Paterno statue removed, library name to remain

The statue of legendary Penn State head football coach Joe Paterno was removed from the front of Beaver Stadium on Sunday in another aftershock of the Freeh Report following the school's investigation into the child sex abuse scandal against former assistant coach Jerry Sandusky.

University president Rodney Erickson announced the decision Sunday morning.

"Contrary to its original intention, Coach Paterno's statue has become a source of division and an obstacle to healing in our university and beyond," said Erickson in a statement. "For that reason, I have decided that it is in the best interest of our university and public safety to remove the statue and store it in a secure location. I believe that, were it to remain, the statue will be a recurring wound to the multitude of individuals across the nation and beyond who have been the victims of child abuse."

The statement was released early Sunday morning and the actual removal of the statue came a short time later.

With the early start, only a small group of people -- rather than a potential throng of onlookers -- watched as a construction crew worked on the statue, which was wrapped and covered as it was jackhammered out of the concrete and lifted away.

The NCAA, soon after the statue came down, scheduled a press conference for Monday, at which time Penn State will learn of likely sanctions from the governing body stemming from the Sandusky scandal.

Various reports indicate that Penn State will be severely punished for its actions, but the university will likely avoid the "death penalty." Scholarship losses and a postseason ban will be among the likely penalties. The "death penalty" would put the football program on hiatus for at least one year and possibly longer.

Erickson on Sunday also said Paterno's name will remain on the school's library.

"The Paterno Library symbolizes the substantial and lasting contributions to the academic life and educational excellence that the Paterno family has made to Penn State University," Erickson continued. "The library remains a tribute to Joe and (wife) Sue Paterno's commitment to Penn State's student body and academic success, and it highlights the positive impacts Coach Paterno had on the university. Thus I feel strongly that the library's name should remain unchanged."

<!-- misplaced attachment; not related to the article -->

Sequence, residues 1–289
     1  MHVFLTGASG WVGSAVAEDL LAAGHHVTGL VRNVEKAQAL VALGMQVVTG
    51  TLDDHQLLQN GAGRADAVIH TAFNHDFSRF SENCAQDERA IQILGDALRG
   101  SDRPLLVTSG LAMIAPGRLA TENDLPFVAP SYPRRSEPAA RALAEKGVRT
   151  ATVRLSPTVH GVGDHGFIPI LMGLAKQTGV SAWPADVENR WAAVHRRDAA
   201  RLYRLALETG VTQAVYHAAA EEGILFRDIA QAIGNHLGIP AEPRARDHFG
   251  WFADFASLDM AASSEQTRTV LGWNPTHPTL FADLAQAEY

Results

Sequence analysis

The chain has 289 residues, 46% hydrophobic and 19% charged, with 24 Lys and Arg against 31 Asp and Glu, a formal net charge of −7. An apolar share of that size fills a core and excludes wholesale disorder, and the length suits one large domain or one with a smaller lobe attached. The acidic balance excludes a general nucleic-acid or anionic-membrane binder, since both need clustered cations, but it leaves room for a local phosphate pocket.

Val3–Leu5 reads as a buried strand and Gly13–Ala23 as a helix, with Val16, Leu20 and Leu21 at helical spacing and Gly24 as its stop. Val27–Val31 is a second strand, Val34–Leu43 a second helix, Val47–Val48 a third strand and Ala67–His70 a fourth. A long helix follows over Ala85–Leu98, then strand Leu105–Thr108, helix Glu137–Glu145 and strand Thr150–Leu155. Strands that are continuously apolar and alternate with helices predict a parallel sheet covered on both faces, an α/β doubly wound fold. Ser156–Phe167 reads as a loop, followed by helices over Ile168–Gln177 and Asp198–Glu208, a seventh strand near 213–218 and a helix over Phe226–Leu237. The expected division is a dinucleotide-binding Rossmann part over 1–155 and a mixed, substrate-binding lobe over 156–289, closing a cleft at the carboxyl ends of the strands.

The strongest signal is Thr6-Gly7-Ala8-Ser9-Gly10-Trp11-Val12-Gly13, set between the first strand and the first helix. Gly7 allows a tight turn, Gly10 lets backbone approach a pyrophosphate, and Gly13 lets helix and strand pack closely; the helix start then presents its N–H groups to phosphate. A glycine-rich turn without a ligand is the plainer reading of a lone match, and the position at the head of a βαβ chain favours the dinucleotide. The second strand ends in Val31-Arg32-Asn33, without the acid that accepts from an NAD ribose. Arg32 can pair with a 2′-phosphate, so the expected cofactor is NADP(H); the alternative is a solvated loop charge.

The Paternos contributed millions of dollars to the university, not just for athletics, but also for academics.

However, the statue -- a 7-foot tall structure erected in 2001 -- had become a source of controversy since the Freeh Report revealed that Paterno knew more about the Sandusky issue than he originally acknowledged. The late coach's family has denied those assertions.

"I fully realize that my decision will not be popular in some Penn State circles, but I am certain it is the right and principled decision," Erickson concluded. "I believe we have chosen a course that both recognizes the many contributions that Joe Paterno made to the academic life of our university, while taking seriously the conclusions of the Freeh Report and the national issue of child sexual abuse. Today, as every day, our hearts go out to the victims."

Paterno, who died in January of lung cancer, was fired last November, less than a week after Sandusky's arrest on child sex abuse charges. Sandusky was convicted last month on 45 of the 48 counts charging him with sexual abuse against 10 boys over a 15-year period and will likely spend the rest of his life in jail after he is sentenced later this year.